Doubt, A Parable
Written by: John Patrick Shanley
Directed by: Rachael de Courcy Beamish
Monday 3rd - Saturday 8th June, 2019
In 1964 the winds of change are sweeping through St Nicholas Church school in the Bronx where the first black student, Donald Muller has just been accepted. The Church school is run by Sister Aloysius, a rigidly conservative nun, who insists upon constant vigilance. Father Flynn the beloved, charismatic parish priest, is advocating reform of the school's strict customs.
When the impressionable but inexperienced teacher, Sister James expresses her observations to Sister Aloysius about Father Flynn calling Donald Muller out of class and that on his return he acted differently and "I think there was alcohol on his breath"; Sister Aloysius begins a personal crusade against the priest - despite her lack of evidence.
Doubt, A Parable, by John Patrick Stanley; won the 2005 Pulitzer Prize for Drama and 8 Tony Awards, including Best Play. Doubt was turned into an Academy Award-nominated film starring Meryl Streep, Philip Seymour Hoffman, Amy Adams and Viola Davis.
Father Brendan Flynn - Charlie Ralph
Sister Aloysius Beauvier - Chrissie Derrington
Sister James - Marie Bushell
Mrs Muller - Dionne Polychronopulos
Sceneone plus review - DOUBT, A PARABLE
Steve O’Neill : 4 June 2019
It’s a real privilege being asked to review plays for Scene One. I get to see plays I wouldn’t normally go to see. I’d never heard of this play which seems a little surprising given it’s so current and on topic considering historical child abuse cases perpetrated by clergy back in the ‘60s. I definitely wouldn’t have gone to see Doubt, A Parable… …probably. Which would have been a shame.
It’s always a marvel BLT can fit any set onto their tiny stage and what they did fit was an excellent, very cleverly conceived set that, with simple light changes, was both the inside and outside of a church and St. Nicholas Catholic School.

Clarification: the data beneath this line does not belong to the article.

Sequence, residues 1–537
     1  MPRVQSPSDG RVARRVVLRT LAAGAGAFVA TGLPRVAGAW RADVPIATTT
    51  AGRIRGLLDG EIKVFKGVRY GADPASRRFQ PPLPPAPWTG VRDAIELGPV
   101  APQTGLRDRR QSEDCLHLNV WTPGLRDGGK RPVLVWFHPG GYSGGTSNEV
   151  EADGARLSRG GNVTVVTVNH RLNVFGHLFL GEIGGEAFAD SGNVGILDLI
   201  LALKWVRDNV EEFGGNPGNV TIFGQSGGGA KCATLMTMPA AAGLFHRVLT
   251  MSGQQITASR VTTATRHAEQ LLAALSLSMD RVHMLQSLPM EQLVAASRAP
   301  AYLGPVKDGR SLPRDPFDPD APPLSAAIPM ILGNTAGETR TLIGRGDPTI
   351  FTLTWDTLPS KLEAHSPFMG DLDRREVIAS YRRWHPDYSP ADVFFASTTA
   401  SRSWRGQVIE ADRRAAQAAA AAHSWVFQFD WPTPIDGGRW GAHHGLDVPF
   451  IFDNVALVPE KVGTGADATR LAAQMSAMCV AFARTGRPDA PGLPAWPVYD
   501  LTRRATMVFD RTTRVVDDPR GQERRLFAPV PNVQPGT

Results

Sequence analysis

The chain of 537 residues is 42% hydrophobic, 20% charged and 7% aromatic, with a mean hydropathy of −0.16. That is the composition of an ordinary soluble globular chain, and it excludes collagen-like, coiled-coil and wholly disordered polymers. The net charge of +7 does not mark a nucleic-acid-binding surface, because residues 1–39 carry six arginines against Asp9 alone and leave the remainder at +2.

Opening music transported us into the church where Father Flynn gave us a beautifully paced parable about doubt. Charlie Ralph portrayed a very gentle, confident, charismatic Father Brendan Flynn but he also brought flashes of mischief, occasional highly suppressed anger and just enough hints of ‘something’ percolating underneath the character. His was a beautifully judged performance throughout.
Which can also be said for Chrissie Derrington (Sister Aloysius Beauvier) and Marie Bushell (Sister James). The chemistry of the pair was superb. Sister Aloysius a harsh, no-nonsense school principal who is there to do a job; one of which is to protect her children. She has no doubt of her abilities or her method. Her ‘project’, the young enthusiastic naive teacher nun, Sister James, will be moulded to her image. The relationship and tension between the two is palpable. They were simply brilliant!
It’s a hard play to review without giving too much away. It’s a very complex play dealing as it does with one person’s effectivley baseless accusation of child abuse against the priest. The effect of these accusations on an innocent(?) man; the undermining of trust and hope in the younger teacher. It all sounds terribly bleak and yet it is written and directed with such a gentle touch that it is also lightly amusing and very touching at times.
This play has a currency that sadly still resonates today. Who was the victim and who the villain? It had me thinking all the way home.
The only shame about the whole evening was a small theatre only one third full.
Come on people, turn off the telly, get off the sofa and go to Bournemouth Little Theatre to see what real theatre is about. If we don’t use it, we’ll lose it and we will all be poorer for that!
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